The same leading Bach authority, Alfred Dürr, discusses at length in the Preface to the Bärenreiter companion edition of the XO (1961), that the XO Part 5/5 (BWV 248/47) bass aria, is a parody of Cantata BWV 215/7, which Bach originally intended to parody as the aria Schließe, mein Herz," in the XO P3 (BWV 248/31). Instead, Bach composed new music for that aria, using Picander's parody text, as Bach would then do in the opening chorus of Part 5, keeping Picander's, text, composing new music, and setting aside the already-written music. These Bach changes, as well as the wholesale substitution of the sacred cantata in Part 6, may have caused Picander not to publish the XO text as his. Says Dürr, "The alterations that this revision necessitated perhaps made Picander unwilling to publish the text under his own name."
BWV 248V/5(47) Bass Aria
Erleucht auch meine finstre Sinnen,
Illuminate also my gloomy thoughts
Erleuchte mein Herze
Illuminate my heart
Durch der Strahlen klaren Schein!
With the rays of your clear light!
Dein Wort soll mir die hellste Kerze
Your word will be the brightest candle for me
In allen meinen Werken sein;
In all my deeds;
Dies lässet die Seele nichts Böses beginnen.
This lets my soul begin nothing evil
BWV 215/7 Soprano Aria
Durch die von Eifer entflammeten Waffen
To use weapons kindled with zeal
to punish enemies
Bringt zwar manchem Ehr und Ruhm;
brings glory and fame to many;
Aber die Bosheit mit Wohltat vergelten,
but to repay evil with acts of kindness
Ist nur der Helden,
is something that belongs to heroes,
Ist Augustus' Eigentum.
is the prerogative of Augustus.
248III/8(31) Alto Aria
Schließe, mein Herze, dies selige Wunder
Enclose, my heart, this blessed wonder
Fest in deinem Glauben ein!
firmly in your faith!
Lasse dies Wunder, die göttlichen Werke,
Immer zur Stärke
always serve to strengthen
Deines schwachen Glaubens sein!
your weak faith!
BCW translations, Francis Browne
Michael Marrisen in his new study <Bach's Oratorios: The Parallel German-English Texts with Annotations> says that in the opening chorus of Part 5, the words "All the world exalts you," is a reference to Psalm 57:5, "Be exalted God, . . . and you honor [be exalted] over all the world."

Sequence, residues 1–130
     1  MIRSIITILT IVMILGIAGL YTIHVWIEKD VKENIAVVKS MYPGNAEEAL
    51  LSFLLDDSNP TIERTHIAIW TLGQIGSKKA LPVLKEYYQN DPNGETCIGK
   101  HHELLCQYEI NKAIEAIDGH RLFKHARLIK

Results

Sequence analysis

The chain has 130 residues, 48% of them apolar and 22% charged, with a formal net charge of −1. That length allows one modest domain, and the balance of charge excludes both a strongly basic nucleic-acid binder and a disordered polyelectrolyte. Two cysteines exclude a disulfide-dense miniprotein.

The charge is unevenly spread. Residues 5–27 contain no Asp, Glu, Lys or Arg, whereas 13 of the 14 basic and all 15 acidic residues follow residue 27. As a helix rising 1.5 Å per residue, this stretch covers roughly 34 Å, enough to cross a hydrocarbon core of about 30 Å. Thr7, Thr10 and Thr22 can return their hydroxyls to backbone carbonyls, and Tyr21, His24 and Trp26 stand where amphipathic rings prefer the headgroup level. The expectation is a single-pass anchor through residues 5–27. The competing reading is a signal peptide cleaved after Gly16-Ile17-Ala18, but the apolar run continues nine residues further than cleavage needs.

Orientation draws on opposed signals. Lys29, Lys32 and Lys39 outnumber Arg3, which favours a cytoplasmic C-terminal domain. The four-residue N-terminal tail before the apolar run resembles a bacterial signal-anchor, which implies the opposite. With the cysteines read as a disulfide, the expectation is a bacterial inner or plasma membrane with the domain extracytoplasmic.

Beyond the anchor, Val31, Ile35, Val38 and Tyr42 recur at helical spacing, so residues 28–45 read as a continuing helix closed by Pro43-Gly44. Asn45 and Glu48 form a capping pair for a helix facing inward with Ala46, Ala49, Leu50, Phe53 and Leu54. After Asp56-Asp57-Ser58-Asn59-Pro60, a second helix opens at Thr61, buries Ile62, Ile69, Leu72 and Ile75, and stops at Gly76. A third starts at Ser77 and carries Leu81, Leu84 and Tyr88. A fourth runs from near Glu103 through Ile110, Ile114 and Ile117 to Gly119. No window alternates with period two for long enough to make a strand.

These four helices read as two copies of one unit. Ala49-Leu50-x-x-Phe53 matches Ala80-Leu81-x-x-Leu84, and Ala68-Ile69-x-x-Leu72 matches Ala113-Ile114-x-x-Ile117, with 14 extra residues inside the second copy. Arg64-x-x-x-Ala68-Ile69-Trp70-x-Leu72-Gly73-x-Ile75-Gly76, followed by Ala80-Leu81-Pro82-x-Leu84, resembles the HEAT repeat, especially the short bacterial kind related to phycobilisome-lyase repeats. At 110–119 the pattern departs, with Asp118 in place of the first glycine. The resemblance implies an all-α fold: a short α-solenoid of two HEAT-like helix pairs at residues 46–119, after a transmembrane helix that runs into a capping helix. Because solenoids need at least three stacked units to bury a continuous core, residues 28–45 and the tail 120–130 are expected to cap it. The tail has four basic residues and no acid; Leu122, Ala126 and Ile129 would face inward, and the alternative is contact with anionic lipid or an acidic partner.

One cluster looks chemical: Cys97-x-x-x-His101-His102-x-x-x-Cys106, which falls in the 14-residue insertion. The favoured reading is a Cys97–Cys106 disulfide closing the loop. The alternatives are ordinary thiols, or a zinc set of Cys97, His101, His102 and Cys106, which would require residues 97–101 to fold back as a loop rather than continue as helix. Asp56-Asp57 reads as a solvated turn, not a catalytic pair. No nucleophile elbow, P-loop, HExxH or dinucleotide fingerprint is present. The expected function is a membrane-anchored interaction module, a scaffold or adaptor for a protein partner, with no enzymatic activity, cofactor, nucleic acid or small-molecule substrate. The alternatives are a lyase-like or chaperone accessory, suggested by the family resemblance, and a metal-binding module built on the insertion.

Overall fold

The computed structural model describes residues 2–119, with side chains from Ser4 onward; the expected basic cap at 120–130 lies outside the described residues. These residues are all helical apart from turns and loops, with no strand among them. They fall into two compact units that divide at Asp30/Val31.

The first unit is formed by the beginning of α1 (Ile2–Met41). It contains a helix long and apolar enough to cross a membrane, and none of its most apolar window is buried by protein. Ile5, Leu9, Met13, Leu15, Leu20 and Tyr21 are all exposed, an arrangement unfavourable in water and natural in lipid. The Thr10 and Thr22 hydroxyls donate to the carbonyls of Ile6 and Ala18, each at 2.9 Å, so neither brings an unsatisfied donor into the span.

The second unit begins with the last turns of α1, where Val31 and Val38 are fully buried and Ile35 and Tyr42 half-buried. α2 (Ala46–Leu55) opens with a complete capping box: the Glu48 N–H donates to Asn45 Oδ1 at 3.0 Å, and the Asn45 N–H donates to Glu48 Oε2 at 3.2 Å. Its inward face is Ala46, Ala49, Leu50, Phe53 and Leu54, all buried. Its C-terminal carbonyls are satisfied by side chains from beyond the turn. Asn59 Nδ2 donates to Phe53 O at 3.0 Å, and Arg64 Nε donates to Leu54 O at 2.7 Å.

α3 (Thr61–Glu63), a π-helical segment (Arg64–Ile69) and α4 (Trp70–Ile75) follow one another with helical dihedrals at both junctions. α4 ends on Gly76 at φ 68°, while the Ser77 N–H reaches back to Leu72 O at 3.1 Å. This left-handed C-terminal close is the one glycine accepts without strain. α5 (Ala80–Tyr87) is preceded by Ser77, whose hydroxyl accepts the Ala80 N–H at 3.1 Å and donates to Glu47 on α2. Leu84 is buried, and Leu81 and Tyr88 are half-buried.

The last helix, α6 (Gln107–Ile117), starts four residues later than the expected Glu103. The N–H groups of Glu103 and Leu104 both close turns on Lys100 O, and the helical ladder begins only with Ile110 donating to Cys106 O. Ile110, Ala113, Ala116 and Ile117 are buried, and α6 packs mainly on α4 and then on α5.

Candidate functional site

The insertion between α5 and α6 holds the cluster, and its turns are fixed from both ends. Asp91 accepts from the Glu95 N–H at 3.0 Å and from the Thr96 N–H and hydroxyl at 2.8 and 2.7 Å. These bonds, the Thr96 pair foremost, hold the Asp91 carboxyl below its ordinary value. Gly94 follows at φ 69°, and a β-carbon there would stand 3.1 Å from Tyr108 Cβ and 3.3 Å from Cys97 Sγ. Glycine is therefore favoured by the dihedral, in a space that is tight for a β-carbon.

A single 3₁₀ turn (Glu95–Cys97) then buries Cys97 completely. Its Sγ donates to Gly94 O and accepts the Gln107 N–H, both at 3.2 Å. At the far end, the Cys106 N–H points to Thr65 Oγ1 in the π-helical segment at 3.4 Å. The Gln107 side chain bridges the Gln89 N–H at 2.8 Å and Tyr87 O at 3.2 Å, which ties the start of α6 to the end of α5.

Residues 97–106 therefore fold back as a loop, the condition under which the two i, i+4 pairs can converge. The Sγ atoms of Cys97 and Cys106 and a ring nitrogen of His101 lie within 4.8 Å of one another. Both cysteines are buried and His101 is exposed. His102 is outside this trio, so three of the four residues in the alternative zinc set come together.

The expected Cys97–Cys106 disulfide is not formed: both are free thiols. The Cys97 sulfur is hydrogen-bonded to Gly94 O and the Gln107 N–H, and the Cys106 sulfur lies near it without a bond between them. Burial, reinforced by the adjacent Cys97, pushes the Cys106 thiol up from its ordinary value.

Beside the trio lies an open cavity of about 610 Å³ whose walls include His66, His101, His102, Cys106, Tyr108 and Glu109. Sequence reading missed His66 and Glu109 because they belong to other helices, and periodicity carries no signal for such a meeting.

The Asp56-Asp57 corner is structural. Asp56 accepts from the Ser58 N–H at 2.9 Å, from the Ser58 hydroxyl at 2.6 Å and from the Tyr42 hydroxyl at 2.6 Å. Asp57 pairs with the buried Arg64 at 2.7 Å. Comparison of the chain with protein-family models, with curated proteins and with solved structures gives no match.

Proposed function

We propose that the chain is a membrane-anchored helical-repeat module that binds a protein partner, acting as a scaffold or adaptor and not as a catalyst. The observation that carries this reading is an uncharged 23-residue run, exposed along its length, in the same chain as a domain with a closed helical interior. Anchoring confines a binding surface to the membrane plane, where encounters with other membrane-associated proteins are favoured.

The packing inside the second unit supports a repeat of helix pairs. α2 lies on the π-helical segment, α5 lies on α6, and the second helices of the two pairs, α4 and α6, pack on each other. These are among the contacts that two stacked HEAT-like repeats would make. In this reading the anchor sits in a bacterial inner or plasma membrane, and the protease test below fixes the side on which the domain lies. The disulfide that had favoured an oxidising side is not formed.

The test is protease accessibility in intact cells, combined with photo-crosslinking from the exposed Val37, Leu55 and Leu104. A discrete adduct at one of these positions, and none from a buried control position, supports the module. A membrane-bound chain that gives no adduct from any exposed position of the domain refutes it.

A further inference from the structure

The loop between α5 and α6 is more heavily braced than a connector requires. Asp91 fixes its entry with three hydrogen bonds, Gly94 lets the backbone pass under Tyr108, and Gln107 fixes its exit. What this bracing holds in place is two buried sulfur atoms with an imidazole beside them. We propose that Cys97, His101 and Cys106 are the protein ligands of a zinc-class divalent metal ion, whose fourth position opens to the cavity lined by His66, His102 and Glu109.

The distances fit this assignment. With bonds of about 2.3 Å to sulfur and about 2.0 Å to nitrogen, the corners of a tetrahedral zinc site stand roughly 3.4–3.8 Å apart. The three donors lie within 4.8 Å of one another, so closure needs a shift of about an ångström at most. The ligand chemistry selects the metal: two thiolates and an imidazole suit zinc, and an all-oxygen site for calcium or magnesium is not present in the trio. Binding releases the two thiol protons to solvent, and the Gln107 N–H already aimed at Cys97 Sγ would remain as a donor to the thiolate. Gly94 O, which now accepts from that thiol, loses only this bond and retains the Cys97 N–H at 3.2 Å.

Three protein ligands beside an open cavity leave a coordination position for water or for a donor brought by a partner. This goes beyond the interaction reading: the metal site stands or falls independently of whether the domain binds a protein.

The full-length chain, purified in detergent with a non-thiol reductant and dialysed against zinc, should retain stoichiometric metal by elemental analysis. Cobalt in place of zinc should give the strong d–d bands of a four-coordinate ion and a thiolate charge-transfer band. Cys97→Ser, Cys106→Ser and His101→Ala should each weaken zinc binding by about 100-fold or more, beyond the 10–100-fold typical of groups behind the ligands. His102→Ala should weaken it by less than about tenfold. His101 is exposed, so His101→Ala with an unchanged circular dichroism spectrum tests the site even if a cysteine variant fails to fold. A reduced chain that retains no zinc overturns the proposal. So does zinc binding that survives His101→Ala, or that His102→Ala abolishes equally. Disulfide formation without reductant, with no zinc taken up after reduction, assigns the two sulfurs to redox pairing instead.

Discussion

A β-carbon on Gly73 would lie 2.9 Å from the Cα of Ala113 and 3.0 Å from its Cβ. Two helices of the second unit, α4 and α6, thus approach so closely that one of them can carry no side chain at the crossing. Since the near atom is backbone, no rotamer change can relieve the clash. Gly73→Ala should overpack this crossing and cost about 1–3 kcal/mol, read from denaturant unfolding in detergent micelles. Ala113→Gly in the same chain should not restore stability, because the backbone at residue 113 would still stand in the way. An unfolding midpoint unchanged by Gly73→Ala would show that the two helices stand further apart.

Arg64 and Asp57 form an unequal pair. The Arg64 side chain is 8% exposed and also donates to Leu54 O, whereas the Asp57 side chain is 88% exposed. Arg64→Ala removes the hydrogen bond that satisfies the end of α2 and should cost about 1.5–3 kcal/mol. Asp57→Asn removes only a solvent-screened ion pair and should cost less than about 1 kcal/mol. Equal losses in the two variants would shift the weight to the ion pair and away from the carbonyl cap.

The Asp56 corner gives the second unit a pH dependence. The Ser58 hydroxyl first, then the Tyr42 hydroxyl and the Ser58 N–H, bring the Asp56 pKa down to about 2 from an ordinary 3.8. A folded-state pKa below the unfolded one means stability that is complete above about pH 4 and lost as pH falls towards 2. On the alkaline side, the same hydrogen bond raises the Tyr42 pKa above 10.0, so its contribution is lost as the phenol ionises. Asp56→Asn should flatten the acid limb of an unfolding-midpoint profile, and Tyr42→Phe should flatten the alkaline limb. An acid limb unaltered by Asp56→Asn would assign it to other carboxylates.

Marrisen also observes that the alto arioso replying to the Wise Men's statement 248/V/3(45), "We have seen his star in the East and have come to worship him," involves relevant teachings from Isaiah:
248/V/3(45) Alto Arioso
Wohl euch, die ihr dies Licht gesehen,
Happy are you who have seen the light , 1
Es ist zu eurem Heil geschehen!
It has appeared for your salvation!
Mein Heiland, du, du bist das Licht,
My saviour, you, you are the light
Das auch den Heiden scheinen sollen,
Which shall shine on the Gentiles also 2
Und sie, sie kennen dich noch nicht,
And they, they do not know you yet, 3
Als sie dich schon verehren wollen.
Though they would already worship you
Wie hell, wie klar muss nicht dein Schein,
How bright, how clear must your radiance be,
Geliebter Jesu, sein!
1. Isaiah 9.2, "The people, walking in the dark like that, will see a great light."
2. Isaiah 49:6, "I [God] have also made you [Israel] for the light to the gentiles, that nyou may be my salvation to the end of the earth."
3. Isaiah 55:5, "Look, you will call gentiles whom you do not know; and gentiles who do not know you will run to you for the sake of the Lord your God."
Thus, I think, Picander's (presumed) text, the second major hurdle to appreciating Bach's XO (the first being it's parody or plagiarism onus), is better understood in the context of being relevant to the service and the overall design and context of Bach's oratorical setting. It would be interesting to contemplate the influences on Bach's XO librettist, perhaps coming from Pastor Christian Weiss, or another member of the Leipzig clergy or the University faculty.
Here, by contrast, are the words of the librettist's critic: "It belongs to a very poor order of literature, and is conceived in a tone of personality, as regards the principal figure, that must be distasteful to a large number of earnest and thoughtful hearers. One may marvel that the great artist could spend his thoughts on such a view of the subject - one may perhaps regret; but to understand him, one must regard the matter in the light in which he regarded it and wonder the while that he could write such music to thoughts of such an order." The author of these words is one G. A. Macfarren in his 12-page introduction to the Schirmer XO piano-vocal score of 1939.